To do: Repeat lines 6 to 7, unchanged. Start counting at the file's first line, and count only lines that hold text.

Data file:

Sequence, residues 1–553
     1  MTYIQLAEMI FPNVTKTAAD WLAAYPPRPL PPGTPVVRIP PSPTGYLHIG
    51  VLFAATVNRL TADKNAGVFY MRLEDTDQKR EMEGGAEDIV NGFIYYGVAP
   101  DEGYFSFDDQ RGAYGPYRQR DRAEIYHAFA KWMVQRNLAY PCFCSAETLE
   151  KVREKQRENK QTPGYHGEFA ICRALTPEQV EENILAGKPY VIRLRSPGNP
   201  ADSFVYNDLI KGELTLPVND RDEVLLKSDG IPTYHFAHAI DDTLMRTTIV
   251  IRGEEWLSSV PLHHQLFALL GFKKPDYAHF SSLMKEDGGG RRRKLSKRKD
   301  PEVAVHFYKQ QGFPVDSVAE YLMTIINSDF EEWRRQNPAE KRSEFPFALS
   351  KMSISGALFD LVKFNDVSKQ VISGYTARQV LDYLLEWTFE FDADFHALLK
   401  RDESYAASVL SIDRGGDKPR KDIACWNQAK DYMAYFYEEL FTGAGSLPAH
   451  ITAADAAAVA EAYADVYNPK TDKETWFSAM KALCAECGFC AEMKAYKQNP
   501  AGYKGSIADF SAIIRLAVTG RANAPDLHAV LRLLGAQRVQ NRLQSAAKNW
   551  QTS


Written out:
   201  ADSFVYNDLI KGELTLPVND RDEVLLKSDG IPTYHFAHAI DDTLMRTTIV
   251  IRGEEWLSSV PLHHQLFALL GFKKPDYAHF SSLMKEDGGG RRRKLSKRKD